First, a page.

Lessons From Successful “Transfarmations”
Animal farming has negative effects on health, the environment, and animals themselves. While many experts agree that reducing animal farming and focusing on a plant-heavy global food system could solve these issues, the viewpoints of animal farmers need to be taken into account. Specifically, the transition away from animal farming could be costly for them, leading to significant resistance.
This study looked at examples of farms that voluntarily transitioned away from animal farming — so-called “transfarmations.” The author collected 27 transfarmation stories that were published on support organizations’ websites and analyzed the motivations for moving away from animal farming, what the farms transitioned into, and how external organizations helped them. Data came from eight organizations in four countries (the U.S., U.K., Germany, and Switzerland). 16 of the stories were written by the farmers themselves, and in 11 cases, the author used stories written by the support organization.
In general, there were three main motivations to leave animal farming: compassion (19 out of 27 farms), economic (6 out of 27 farms) and environmental (7 out of 27 farms). A woman made the decision to leave animal farming in 6 out of the 12 cases motivated solely by compassion, and in 5 out of the 12 compassion-motivated cases it was a man and a woman deciding together. A man took the decision to transfarm in 5 out of the 6 economically-motivated cases.
For those motivated by compassnion, sending animals to slaughter was the point that most often triggered the farmers to change their operations. Farmers felt cognitive dissonance between mourning the loss of the animals and their sense of responsibility for sending the animals to slaughter. When their emotions reached a certain threshold, many farmers felt the need to act and stop the slaughter. Finding a solution to keep the farm without income from animals was usually the second step, at which point many sought out external support.
All farms that ended their animal operations for economic reasons were based in the United States. All but one of these were contractor chicken farms, notoriously a risky and economically volatile business. Many farmers said the income was unreliable, they felt under constant pressure that their contracts would end, and they often had to take on debt. Only one transfarmation was motivated primarily by environmental reasons, but farmers often mentioned it as secondary motivation. In three cases, the farmers transitioned into organic farming first, which improved animal welfare, but did not resolve their concern.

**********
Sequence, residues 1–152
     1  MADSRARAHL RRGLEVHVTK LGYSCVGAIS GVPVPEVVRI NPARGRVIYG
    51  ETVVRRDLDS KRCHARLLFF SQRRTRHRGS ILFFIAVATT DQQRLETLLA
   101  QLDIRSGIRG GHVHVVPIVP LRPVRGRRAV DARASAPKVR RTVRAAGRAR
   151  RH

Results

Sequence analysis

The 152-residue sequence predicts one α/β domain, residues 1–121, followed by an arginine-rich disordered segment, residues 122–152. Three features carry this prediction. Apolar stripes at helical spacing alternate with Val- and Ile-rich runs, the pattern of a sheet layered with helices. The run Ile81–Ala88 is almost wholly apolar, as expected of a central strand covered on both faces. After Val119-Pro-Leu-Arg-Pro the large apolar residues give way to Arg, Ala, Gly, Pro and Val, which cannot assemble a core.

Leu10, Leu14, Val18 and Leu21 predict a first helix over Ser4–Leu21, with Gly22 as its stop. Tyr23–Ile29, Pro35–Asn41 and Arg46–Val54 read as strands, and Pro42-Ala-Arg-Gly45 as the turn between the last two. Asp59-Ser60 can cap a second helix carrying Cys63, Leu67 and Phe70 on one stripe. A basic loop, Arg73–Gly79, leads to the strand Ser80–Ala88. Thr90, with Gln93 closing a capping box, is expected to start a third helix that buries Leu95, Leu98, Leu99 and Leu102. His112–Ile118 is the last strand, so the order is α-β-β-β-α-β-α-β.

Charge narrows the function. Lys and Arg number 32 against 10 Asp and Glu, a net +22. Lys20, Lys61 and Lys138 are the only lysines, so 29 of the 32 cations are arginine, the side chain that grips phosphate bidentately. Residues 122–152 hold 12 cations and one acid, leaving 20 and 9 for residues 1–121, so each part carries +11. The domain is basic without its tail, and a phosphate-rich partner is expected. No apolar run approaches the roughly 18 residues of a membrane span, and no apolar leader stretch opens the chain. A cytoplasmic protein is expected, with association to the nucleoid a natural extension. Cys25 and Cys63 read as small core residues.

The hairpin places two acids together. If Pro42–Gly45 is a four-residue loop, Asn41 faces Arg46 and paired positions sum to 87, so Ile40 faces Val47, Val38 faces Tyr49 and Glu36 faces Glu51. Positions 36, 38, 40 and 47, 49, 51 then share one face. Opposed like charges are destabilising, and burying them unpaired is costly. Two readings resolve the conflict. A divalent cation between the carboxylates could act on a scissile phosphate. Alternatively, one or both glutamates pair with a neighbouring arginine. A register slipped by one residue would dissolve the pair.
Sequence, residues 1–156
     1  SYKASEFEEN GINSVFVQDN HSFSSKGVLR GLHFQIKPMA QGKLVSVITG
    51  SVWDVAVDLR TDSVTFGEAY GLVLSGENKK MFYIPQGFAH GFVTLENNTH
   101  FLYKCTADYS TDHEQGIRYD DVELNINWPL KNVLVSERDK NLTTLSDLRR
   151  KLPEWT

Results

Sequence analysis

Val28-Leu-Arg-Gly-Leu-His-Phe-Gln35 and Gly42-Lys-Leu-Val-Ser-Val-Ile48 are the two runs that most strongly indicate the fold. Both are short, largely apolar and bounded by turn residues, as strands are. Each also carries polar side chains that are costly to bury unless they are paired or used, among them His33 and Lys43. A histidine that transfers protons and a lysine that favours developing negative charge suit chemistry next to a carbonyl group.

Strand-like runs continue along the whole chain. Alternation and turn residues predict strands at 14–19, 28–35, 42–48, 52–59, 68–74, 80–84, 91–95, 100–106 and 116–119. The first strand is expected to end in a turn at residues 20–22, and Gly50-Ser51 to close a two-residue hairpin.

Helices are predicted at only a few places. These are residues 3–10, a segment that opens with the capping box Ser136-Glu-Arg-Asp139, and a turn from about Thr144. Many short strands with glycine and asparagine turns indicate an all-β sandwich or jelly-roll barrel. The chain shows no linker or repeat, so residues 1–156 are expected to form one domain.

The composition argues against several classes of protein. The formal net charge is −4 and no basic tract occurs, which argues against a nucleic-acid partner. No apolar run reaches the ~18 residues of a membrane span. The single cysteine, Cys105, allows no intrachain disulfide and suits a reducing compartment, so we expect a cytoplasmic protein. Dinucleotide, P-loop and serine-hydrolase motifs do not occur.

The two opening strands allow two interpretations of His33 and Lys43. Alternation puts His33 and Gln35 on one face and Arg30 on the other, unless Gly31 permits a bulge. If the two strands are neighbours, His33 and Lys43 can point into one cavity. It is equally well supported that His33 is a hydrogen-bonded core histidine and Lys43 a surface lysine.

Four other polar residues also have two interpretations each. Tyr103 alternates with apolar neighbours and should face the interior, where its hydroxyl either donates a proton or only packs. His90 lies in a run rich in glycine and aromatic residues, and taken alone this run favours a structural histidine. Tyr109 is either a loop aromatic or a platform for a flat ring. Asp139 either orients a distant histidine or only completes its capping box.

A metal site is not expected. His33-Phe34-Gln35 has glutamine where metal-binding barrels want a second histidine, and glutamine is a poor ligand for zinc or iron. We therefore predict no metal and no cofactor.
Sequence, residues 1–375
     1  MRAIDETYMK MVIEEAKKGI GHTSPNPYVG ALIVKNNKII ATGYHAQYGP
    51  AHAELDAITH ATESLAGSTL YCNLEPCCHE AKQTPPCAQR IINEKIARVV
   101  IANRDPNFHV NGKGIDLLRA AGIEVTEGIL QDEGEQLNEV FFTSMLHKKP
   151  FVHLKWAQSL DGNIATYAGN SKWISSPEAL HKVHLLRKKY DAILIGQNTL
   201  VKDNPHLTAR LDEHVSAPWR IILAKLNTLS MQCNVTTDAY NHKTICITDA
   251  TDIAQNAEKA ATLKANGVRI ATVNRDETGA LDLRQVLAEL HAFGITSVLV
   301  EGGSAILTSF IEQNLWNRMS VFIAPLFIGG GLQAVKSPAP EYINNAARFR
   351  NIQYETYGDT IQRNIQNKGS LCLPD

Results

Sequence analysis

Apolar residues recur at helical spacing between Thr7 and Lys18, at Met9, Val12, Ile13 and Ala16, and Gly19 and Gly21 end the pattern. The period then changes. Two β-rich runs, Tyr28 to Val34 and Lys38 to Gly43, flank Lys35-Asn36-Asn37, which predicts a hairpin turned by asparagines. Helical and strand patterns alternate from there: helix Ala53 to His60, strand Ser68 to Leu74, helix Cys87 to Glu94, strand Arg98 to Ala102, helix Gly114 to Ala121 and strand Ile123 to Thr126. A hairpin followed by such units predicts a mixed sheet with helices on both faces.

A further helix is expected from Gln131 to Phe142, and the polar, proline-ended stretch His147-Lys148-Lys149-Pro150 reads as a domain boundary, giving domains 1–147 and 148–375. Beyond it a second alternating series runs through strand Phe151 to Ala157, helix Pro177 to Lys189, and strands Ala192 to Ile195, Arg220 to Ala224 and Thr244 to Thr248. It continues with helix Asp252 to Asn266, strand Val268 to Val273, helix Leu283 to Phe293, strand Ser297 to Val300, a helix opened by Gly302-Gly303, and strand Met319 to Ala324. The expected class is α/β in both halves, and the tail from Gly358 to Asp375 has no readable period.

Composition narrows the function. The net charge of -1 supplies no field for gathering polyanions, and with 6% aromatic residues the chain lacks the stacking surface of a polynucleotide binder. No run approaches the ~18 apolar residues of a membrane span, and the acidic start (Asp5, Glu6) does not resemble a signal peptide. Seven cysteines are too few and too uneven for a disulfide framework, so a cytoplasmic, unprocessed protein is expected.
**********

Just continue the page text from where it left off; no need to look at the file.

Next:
The author identified two main pathways that a transfarmation happens. The first one is transitioning away from the agricultural sector into the “care economy.” In these cases, the farm keeps caring for its animals and also shelters new ones. Sanctuaries cannot be an alternative to animal farming, but they can help educate the public and shape a new social arrangement between humans and non-human animals.
The other option is to remain in agriculture and grow high-value fruits and vegetables, mushrooms, or hemp. Chicken farmers were mostly economically driven, and none of the chicken farms analyzed in the study turned into sanctuaries. Meanwhile, around half of compassion-motivated farmers shifted to a different form of agriculture while a third turned into sanctuaries. The author points out that when farmers are economically driven, there is a risk that they might consider going back to animal farming given the right incentive.
The farmers mentioned several ways that external organizations supported them: finding a place for animals, helping with short-term and long-term solutions (e.g., throwing fundraisers and providing grant details), offering advice about the transition, and providing emotional support. Two organizations — the Rancher Advocacy Program and the Hof Narr Association — stood out as the most effective transfarmation support groups. Farmer-to-farmer support networks were another form of support mentioned by the farmers, and their lack of existence was a barrier to change in Switzerland.
The study is limited because it relied on promotional stories published about successful transfarmations. In other words, there is a chance the stories were biased and withheld more difficult issues (like the hardships and challenges farmers face post-transition). Likewise, the author was unable to consider the views of farmers who opposed, or failed to, move away from animal farming. As a result, the study only reveals a narrow perspective on a select few farms.
To make the biggest difference, the author believes that transfarmation groups should understand the role of gender. For example, women farmers seemed to be more motivated by compassion than men, who tended to be more motivated by economics. Finally, while transfarmation groups aim to reduce the supply of animal products, other advocates should continue focusing on lowering consumer demand. In turn, this may encourage more farmers to get out of the business of raising and exploiting animals.